Web & communication software

Google Pulls 'Atlantis' from Google Earth

"Atlantis," reads my copy of The Dictionary of Imaginary Places, "a vast island-continent submerged under the waters of the Atlantic towards the year 9560 BC; parts of it are still inhabited and can be visited."

Alas, it's no longer on Google Earth: Google's just removed the fabled lost city from its virtual globe-mapping software -- if you believe the conspiracy theorists, anyway.

Google 3D globe-mapping program can display underwater seafloor imagery, from tiny bumps that indicate undersea mountain chains to the contours of midnight-black trenches. But watchful users poring over the program's rendition of the Atlantic's seabed discovered an area with a gridlike pattern, which they assumed indicated sunken streets and byways. Those thoroughfares could only be one thing, they surmised: the mythical lost city of Atlantis.

The Atlantis of myth was an elliptical island-continent with an advanced culture supposedly the rival of ancient Egypt and Greece. According to the philosopher Plato, the island eventually sunk into the sea after it was struck by a series of earthquakes.

But no, says Google, the city-like seafloor grid was just a data glitch caused by errors in the methodology used to articulate the seafloor (in the "Atlantis" area's case, specifically the result of overlapping data sets). The fix is in this week courtesy of new data from oceanography groups, and it not only smooths over the so-called Atlantis swathe, but fixes artifacting present in other areas as well. That'll be good news for serious seafloor-watchers: Google says Google Earth can now claim 15 percent of its seafloor imagery comes from shipboard soundings at a 0.6-mile resolution. That's compared to just 10 percent before (the remainder comes from extrapolated satellite data).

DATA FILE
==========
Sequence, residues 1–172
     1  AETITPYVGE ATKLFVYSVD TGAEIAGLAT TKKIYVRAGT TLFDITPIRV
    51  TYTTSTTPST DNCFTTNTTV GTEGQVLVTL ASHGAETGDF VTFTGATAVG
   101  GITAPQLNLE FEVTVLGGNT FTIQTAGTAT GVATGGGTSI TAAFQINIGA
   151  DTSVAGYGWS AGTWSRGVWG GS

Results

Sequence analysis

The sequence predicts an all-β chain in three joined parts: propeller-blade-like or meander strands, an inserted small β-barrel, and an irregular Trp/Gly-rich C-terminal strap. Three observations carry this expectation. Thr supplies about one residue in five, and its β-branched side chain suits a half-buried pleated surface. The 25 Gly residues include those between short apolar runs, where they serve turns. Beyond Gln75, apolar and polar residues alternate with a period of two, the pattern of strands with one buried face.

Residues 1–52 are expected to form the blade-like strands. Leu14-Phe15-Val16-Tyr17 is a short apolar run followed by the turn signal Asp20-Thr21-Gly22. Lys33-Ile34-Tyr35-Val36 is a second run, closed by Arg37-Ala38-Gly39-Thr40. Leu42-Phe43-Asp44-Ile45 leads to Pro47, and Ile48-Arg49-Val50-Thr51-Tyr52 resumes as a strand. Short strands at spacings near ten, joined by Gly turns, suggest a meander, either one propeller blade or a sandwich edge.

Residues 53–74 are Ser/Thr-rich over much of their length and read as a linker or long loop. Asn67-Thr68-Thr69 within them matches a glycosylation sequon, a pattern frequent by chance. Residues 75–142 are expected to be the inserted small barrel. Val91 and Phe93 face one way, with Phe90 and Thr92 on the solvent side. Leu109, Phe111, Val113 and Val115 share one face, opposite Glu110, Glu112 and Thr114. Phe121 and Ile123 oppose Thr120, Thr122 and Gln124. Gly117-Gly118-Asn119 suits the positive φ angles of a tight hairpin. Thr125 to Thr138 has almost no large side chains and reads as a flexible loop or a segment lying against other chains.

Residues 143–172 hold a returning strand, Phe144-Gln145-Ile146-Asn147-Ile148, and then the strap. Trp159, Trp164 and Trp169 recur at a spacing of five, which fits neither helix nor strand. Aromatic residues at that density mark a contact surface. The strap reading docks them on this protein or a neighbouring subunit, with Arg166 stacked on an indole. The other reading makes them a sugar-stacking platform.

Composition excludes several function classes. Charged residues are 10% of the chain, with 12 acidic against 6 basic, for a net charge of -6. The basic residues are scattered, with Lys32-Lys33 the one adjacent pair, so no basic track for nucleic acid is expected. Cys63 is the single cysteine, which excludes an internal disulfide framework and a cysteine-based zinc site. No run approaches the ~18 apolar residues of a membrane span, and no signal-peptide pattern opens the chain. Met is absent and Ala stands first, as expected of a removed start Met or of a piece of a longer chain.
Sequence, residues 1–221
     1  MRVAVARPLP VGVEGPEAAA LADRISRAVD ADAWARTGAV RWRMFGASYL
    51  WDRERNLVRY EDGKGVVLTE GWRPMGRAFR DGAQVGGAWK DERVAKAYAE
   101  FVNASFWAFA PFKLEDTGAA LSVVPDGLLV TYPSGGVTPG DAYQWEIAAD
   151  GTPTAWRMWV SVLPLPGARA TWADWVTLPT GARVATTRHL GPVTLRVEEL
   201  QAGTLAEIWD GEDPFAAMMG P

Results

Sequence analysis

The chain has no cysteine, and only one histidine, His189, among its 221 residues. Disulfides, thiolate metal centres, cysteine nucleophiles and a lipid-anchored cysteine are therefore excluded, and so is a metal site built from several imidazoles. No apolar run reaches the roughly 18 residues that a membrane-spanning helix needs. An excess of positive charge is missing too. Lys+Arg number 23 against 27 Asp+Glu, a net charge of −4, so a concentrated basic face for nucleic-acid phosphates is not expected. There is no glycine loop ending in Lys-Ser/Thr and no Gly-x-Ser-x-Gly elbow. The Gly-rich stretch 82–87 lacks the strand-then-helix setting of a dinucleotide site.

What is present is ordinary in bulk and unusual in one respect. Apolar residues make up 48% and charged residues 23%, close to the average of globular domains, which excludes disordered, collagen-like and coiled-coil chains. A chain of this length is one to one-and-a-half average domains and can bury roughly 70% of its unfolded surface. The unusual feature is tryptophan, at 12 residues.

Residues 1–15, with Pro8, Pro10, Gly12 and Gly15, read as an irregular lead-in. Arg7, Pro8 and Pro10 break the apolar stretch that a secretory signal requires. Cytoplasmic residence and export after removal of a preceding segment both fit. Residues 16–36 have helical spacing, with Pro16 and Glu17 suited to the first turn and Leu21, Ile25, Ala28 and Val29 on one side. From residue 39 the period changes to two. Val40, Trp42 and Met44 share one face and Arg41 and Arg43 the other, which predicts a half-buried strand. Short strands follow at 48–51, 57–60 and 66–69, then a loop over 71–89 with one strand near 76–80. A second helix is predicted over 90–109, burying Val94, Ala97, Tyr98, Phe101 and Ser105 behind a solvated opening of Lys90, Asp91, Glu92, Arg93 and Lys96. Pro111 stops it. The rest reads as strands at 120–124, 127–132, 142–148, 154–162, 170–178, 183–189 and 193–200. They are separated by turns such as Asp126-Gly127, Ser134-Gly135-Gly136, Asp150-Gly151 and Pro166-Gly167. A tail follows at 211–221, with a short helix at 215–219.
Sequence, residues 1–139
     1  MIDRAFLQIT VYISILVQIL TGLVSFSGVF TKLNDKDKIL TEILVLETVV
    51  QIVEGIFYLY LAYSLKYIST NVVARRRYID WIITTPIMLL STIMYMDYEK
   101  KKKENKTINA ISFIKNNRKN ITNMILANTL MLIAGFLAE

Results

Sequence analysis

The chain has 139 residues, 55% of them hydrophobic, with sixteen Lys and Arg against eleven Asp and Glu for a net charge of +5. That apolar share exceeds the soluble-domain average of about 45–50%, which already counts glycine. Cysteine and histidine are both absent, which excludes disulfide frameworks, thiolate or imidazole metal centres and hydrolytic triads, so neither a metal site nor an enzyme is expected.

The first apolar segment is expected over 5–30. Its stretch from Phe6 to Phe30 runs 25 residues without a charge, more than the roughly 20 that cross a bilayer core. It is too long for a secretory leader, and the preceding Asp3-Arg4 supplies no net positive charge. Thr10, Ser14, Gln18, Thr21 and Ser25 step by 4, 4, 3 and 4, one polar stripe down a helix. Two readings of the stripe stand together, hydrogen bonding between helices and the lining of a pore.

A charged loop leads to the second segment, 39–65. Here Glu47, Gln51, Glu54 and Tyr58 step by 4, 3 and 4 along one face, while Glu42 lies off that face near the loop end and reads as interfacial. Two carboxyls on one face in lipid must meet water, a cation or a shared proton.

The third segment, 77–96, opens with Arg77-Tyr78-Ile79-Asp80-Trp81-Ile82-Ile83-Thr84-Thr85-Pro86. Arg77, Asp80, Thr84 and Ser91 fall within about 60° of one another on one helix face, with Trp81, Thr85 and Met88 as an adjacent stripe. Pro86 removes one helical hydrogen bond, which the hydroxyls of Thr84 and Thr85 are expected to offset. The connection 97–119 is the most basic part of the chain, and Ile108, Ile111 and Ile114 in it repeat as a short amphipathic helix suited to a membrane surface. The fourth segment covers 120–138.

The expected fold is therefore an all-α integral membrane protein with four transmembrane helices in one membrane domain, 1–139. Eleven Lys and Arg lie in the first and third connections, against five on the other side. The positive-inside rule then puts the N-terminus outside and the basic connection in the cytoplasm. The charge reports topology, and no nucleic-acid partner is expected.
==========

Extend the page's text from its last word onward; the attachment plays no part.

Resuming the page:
"The original version of Google Ocean was a newly developed prototype map that had high resolution but also contained thousands of blunders related to the original archived ship data," said David Sandwell, a Scripps geophysicist, in a statement. "UCSD undergraduate students spent the past three years identifying and correcting the blunders."

See also "Best of Google Maps and Google Earth 2011.")

[via MSNBC]

Matt Peckham writes for TIME and PCWorld. You can find him on Twitter, Facebook, or Google+, and find Today@PCWorld on Twitter for the latest tech news and analysis.

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